After about a week back from the hospital, I'm called into an office where I'm told that I'm being discharged. It's an "Administrative Discharge for a Medical reason". I'm now classified as 1-Y, which means no military service will allow me to join them unless Congress declared war, and even then, I'll be assigned a desk job. It also meant I was going home. Now, let me point out, it is only mid-July, just before my birthday. I'm given an opportunity to call my parents, and my Mom answers. I'm sobbing, and she wants to know why? I tell her I'm being discharged because I have Asthma. But my main reason for crying is when I tell her, "I've cancelled all my scholarships, and can't go to college." Then Mom said, "You didn't cancel ALL of them. I got another letter today from Michigan State (MSU) asking if you intended to accept their full-matriculation scholarship. But, I put that letter in the trash, and it's scheduled to be picked up today." She said she'd try to retrieve it, and we ended the call.
My trip back to Massachusetts was less eventful, but I flew on standby all the way. Maybe it was my uniform that made a difference because I made every flight. When I got home, Mom had the documents from MSU. We quickly filled them out and sent them back (post haste). So that's how I got to go the MSU, which turned out to be a blessing in disguise. That short summer in Colorado satisfied my military obligation, and companies wouldn't have to worry about the draft calling me to military service.
Before getting into more about my life (starting with MSU), let me tell you what happened to my parents. After I left home, my mom kept working, and my dad got a second job working for AAA as a dispatcher, someone who gets the call from the person in distress, and he then contacts the nearest service station to handle the call. He worked in an office downtown, operated by AAA. This provided the extra income they needed to pay for my college room and board. Eventually, my parents moved away from Rochelle Street. Something called "block busting" was happening in our neighborhood. That's a process where an entirely "white" neighborhood is transformed into an entirely "black" neighborhood. One black family buys a house, and then property values go down, primarily because they don't maintain the property. Then other houses are sold to blacks. These were the early 60's, and race relations were NOT like they are today. My mom and dad held out as long as they could. My dad tried to get a home improvement loan to increase the value of the property, but the bank wouldn't authorize it claiming it wouldn't be recovered when the property was sold. Finally, they sold and moved to an apartment, mainly because my dad suffered a massive aortic aneurism. He survived, but had to undergo kidney dialysis twice a week. I'll cover more about my parents later, in context and closer in time to events in my life.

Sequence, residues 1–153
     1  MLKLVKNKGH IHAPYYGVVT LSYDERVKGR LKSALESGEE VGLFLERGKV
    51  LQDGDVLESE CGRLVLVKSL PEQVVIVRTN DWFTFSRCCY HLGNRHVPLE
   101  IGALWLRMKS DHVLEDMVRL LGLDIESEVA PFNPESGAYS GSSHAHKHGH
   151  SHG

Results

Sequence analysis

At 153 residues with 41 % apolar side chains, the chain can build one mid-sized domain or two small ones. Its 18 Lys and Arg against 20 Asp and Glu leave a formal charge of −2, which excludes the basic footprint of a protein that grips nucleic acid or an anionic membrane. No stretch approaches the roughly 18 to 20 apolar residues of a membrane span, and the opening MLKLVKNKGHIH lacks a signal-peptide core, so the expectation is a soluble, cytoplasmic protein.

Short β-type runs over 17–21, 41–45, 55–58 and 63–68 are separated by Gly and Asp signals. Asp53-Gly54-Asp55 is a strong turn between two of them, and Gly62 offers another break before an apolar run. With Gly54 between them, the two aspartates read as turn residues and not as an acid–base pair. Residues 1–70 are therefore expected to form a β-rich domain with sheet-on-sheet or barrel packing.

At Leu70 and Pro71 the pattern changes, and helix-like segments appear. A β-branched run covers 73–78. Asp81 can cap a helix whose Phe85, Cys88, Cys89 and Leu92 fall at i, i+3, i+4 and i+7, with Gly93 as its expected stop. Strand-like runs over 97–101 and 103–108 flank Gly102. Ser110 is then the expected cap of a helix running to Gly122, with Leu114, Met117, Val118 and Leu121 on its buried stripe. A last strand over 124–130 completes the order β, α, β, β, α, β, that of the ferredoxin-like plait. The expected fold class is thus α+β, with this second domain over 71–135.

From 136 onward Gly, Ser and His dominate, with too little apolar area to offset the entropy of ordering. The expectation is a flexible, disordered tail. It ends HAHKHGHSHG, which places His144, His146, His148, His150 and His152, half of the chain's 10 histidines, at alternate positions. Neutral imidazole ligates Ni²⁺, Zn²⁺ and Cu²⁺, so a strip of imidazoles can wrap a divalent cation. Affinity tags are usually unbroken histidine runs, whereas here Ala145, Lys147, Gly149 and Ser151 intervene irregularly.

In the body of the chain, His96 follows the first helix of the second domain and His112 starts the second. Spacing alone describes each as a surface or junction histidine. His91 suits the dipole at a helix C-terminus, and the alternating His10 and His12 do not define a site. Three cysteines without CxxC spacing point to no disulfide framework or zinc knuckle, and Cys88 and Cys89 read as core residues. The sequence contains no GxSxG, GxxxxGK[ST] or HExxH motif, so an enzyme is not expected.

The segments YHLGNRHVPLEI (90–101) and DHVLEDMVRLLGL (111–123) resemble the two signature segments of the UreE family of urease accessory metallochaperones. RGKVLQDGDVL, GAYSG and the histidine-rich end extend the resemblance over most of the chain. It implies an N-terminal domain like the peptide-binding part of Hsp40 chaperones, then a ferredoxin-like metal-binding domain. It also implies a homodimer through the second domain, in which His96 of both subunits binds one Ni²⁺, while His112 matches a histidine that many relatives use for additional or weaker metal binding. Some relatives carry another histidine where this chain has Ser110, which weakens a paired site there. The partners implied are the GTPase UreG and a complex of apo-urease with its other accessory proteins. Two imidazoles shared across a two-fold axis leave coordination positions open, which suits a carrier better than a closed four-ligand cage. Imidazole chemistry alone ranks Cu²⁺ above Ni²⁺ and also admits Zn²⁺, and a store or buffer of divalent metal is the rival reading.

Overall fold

In the fall of 1959, shortly after my high school graduation and return from Colorado, my parents took me to East Lansing, Michigan, the location of MSU. The campus was huge, especially when you consider it hosted about 30,000 students. East Lansing itself was just a support community. I moved into Bailey Hall in the Brody Complex. There were six large dorms arranged in a horseshoe shape, open at the top. In the center was Brody Hall, the central hub of the complex where six dining halls were located on the second floor, and all kinds of meeting rooms were located on the first floor. I'll come back to this building a little later.
In Bailey Hall, I was assigned a two-man room. My roommate was Michael Powell. Mike and I still correspond every Christmas. At the end of the first year, we had an opportunity to change rooms, or dorms. We did some research and found the perfect room on the fourth floor of Armstrong Hall. The only problem was that it was designed as a three-person room. But we had made friends with Pat Prang, so all three of us decided to take this room the next year. Strange thing though, I never noticed if Pat took any showers.
What made the room "special" was its location. Armstrong was shaped like two long four story sections with rooms on either side of central corridors, but these two sections were offset from each other end-to-end with a cross-connector between the ends. That's where this room was located, across from a study hall and next or a service elevator. There was a locked door between this stub and the corresponding stub on the other side. Therefore, our room was isolated from most of the noise. There was another room like this in the other stub, and the same arrangement on the third floor, but those rooms were over the laundry. We couldn't hear the laundry on the fourth floor because of the intervening floor. We lived in that room for the rest of our undergraduate stay.
Early into my freshman year, I became interested in the Photography Club. I purchased a reasonably good camera, and we (myself and others) started to recruit girls to "pose" for us. Nothing provocative, just still photos shot in public with elegant dresses. This hobby continued throughout my stay at MSU.